I have also been working on an open call application for a 20" container at Institute for X - a creative enclave in my hometown. I'm hoping to get a space where I can work on my side projects and have all my tools and materials immediately at the ready.

This also marked the final week of the Sun of Denmark project this time around. Last night we changed the clock and moved to Daylight Savings Time. It's been fun and challenging doing a side project revolving around writing on social media. Although I didn't reach a big audience, it was a fun exercise trying to make each daily tweet interesting and significant.

Week 10

March 14, 2021

Light week this week. Spent most of my side project time continuing my Experimental JavaScript course.

I completed a lesson using PIXI.js to play with WebGL. See demo of lesson over at https://tiny.kevinandersen.dk/project3/.

I also completed a lesson using matter.js to play with physics. See demo of lesson over at https://tiny.kevinandersen.dk/project2/.

As usual, I also wrote weekly tweets for @SunOfDenmark. I realized that this is the second to last week before going over to standard time, which ends the stream of tweets. It has been a fun experience writing daily tweets and trying to find creative and appealing twists on the emergence of daylight, but to be honest also has become a bit trivial here at the end.

I had hoped to work on Project Caramel this week, but only did a light bit of reading. I happened to stumble upon a thread mentioning that MicroPython's built-in ADC only reads in the 0.1MHz range, which might be one of the reasons why I'm not seeing enough data. I need much faster data than that, so I will investigate whether I can build my own MicroPython module in C to gain the required speed. Otherwise, I'll have to move into building my own C application.

Week 9

March 07, 2021

Project Caramel

I received components for Project Caramel this week:

  • STM32F411 Nucleo board (but ended up using a pyboard running MicroPython instead)
  • Passive components (resistors, caps, diodes)
  • LM358 opamp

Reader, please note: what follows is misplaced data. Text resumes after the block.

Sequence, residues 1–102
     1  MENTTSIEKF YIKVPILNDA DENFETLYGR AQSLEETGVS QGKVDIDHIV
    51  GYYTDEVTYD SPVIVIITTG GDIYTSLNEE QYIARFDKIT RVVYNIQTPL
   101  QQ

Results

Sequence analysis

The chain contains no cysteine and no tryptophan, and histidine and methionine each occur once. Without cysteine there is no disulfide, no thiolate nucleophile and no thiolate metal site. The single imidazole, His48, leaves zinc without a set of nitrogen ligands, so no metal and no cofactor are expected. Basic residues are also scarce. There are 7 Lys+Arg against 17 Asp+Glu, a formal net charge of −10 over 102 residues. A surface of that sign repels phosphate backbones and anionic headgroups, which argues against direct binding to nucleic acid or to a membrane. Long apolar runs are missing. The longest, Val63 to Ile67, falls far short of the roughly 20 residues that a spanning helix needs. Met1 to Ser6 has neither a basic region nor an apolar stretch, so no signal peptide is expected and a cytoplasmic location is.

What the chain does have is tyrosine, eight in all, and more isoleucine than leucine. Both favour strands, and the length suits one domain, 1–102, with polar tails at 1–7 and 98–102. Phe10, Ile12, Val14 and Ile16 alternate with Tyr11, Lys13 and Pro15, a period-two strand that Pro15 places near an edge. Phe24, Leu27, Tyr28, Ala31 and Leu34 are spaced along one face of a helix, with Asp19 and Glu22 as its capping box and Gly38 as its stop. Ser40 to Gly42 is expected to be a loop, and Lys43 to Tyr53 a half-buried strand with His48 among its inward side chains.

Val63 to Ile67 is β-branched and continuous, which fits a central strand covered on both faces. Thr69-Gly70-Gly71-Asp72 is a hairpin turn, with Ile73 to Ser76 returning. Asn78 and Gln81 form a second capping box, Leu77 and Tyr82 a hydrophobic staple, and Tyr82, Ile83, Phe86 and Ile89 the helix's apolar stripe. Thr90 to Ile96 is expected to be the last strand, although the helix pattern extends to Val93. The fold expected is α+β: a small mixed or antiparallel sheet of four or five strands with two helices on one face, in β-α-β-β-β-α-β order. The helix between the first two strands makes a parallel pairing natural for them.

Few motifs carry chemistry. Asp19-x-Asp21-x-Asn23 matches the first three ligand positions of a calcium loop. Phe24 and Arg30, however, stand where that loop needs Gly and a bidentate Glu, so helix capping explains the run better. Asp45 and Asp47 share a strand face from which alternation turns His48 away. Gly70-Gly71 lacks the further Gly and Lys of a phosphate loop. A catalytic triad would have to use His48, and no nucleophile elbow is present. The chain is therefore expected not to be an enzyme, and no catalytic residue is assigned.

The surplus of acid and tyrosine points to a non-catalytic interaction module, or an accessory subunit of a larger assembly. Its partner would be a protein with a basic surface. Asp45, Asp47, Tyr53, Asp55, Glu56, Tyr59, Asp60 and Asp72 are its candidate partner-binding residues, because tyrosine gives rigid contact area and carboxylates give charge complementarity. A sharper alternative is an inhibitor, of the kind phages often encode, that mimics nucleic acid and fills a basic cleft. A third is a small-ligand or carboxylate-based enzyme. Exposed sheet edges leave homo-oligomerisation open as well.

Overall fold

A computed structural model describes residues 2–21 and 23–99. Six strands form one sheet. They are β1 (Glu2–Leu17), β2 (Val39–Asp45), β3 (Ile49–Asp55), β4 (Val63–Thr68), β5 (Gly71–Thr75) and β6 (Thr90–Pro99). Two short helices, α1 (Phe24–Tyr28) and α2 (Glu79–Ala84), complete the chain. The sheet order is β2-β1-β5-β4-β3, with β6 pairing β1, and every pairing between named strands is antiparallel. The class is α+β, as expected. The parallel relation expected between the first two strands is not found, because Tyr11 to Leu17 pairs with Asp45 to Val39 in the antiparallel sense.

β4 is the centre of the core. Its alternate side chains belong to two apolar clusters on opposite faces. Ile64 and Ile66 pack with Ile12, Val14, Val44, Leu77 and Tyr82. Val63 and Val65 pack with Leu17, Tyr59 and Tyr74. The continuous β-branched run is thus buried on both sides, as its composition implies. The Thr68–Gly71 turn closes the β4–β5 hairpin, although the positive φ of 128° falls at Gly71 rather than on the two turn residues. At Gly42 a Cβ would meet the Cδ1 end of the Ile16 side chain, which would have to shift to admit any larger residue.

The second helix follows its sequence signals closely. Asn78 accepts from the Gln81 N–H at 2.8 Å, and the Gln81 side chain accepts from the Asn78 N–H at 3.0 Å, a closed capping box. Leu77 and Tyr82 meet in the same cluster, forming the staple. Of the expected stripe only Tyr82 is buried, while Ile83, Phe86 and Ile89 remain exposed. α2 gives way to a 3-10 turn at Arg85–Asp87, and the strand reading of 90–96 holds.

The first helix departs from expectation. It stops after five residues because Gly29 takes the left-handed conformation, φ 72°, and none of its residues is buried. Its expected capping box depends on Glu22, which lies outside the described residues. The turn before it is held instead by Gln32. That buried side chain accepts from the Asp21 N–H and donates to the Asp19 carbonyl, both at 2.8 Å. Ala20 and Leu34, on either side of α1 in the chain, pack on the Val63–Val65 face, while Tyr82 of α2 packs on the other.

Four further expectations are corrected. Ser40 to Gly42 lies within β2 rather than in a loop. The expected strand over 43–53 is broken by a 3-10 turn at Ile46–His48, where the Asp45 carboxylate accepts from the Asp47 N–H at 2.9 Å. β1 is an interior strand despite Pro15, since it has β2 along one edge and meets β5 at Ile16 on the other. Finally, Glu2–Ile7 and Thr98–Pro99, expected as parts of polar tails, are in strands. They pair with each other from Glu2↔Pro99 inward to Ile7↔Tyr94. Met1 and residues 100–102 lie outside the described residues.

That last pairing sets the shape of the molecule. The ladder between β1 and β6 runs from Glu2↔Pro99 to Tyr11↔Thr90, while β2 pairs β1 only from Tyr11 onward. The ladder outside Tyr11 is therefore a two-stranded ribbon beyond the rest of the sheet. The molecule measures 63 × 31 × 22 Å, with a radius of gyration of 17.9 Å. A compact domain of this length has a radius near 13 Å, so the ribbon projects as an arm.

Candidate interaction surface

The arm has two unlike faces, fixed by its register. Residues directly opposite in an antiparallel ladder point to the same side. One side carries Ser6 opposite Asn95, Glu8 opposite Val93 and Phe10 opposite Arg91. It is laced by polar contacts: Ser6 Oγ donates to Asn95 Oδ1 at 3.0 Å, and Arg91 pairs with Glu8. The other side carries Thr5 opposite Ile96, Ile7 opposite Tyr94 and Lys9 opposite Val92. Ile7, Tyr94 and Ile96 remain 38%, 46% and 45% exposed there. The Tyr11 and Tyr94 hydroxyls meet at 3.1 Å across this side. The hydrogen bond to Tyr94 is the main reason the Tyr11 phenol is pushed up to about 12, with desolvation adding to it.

I followed a microphone amplifier guide and used MicroPython's built-in ADC module.

components

Breadboard amplifier circuit and piezo disk connected to pyboard

I'm getting readouts, but it seems the amplifier circuit needs more work. For some reason there's a high "ambient" value (noise?) but I have to actually tap the piezo itself to get peaks, but I should only need to knock on the table. As usual with this project, I will keep oscillating between prototyping and reading theory.

Experimental JavaScript course

Recently, I have been doing weekly work sessions with Alexis Hope (check out her site, she does cool stuff). She gave me a tip on some cool courses offered by SuperHi and I fell for the Experimental JavaScript course. It goes into using canvas, three.js, matter.js, and PixiJS, which are all libraries I have wanted to learn more about. Here is a quick sketch from the first lesson:

One of the projects I would like to do is make a fun 404 page using some of these technologies. Maybe interactive headlines as well, we'll see.

Updated Portfolio

I have probably redesigned my portfolio once a year for the past 5-6 years, but never published it. I always get stuck re-writing my portfolio entries or with the website itself. But with my recent success building this website using Gatsby, I felt like I could use the same structure and have it be a small project. I have been unhappy with my current portfolio for a while because of the design and using wordpress which feels clunky and slow.